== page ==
I mentioned earlier that, throughout the pandemic, I've been happy to use Touch ID over using Face ID (or, actually not using Face ID thanks to masks). When I first started using an iPhone with Face ID, I was impressed with just how easy it was for me to comfortably switch to a new way of unlocking my device. I didn't think it would be as easy to get used to in the reverse.

The first week, I did forget a couple of times that the iPhone SE doesn't have Face ID, but it didn't take long to catch up with the new habit. And every time I go outside of my house, I'm very grateful that I can use my fingerprint to unlock my iPhone instead of my face.

It's not all roses and wine over here, though. Touch ID on the iPhone SE has it's own pain points that you don't have with Face ID. When my fingertips have any water on them, I have trouble unlocking my iPhone with Touch ID. Oftentimes, I'll have to dry my hands off first or type in my passcode. This is especially annoying if I've been swimming or washing dishes.

Though I haven't used the iPhone SE in cold weather, I know from experience that unlocking an iPhone with Touch ID is literally impossible with gloves on (capacitive touch is different from fingerprint identity, so even touch screen gloves won't work). This is going to get annoying in the winter.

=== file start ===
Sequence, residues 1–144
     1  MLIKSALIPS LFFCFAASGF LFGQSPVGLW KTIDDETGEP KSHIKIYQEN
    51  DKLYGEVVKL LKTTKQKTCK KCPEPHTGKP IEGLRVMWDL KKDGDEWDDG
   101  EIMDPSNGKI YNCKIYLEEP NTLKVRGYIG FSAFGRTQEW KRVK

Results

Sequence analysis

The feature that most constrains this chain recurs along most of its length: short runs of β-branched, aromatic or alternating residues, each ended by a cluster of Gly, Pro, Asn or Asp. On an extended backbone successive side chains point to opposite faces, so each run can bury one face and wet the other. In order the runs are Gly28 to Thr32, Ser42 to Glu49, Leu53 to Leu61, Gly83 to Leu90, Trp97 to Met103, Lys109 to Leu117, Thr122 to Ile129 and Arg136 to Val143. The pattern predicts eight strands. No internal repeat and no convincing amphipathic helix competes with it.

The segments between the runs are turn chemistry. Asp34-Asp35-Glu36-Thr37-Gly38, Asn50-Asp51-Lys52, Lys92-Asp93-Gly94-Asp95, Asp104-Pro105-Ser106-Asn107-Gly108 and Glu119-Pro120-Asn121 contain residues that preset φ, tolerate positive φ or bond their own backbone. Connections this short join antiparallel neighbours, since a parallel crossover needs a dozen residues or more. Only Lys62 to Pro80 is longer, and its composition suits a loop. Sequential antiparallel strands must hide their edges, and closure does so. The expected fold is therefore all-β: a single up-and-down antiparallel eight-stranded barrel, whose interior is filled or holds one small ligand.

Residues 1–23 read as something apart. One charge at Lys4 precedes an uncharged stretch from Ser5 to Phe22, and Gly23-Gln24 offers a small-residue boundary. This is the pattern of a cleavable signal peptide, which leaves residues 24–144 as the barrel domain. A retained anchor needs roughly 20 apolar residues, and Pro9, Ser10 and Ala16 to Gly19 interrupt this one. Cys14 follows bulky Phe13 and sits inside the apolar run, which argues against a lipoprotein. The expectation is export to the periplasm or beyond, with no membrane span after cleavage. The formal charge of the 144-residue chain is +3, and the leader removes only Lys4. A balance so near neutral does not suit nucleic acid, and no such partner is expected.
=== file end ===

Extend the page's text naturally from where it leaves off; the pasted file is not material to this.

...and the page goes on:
Though the iPhone SE's A13 chip makes this little machine zippy as hell, I've had my iPhone just freeze up on me more times than I ever had with the iPhone 11 Pro. It usually happens when I open Safari. This problem may be specific to this exact iPhone and not the model itself. It also only lasts a few seconds and can easily be fixed by closing the app and reopening it.

Siri actually seems to work just a little bit better on the iPhone SE than it does on the iPhone 11 Pro. I've had more correct query responses on the SE than I get on the 11 Pro, especially with HomeKit requests. Maybe I've just been lucky with the iPhone SE, but I do appreciate having Siri give the right response more often.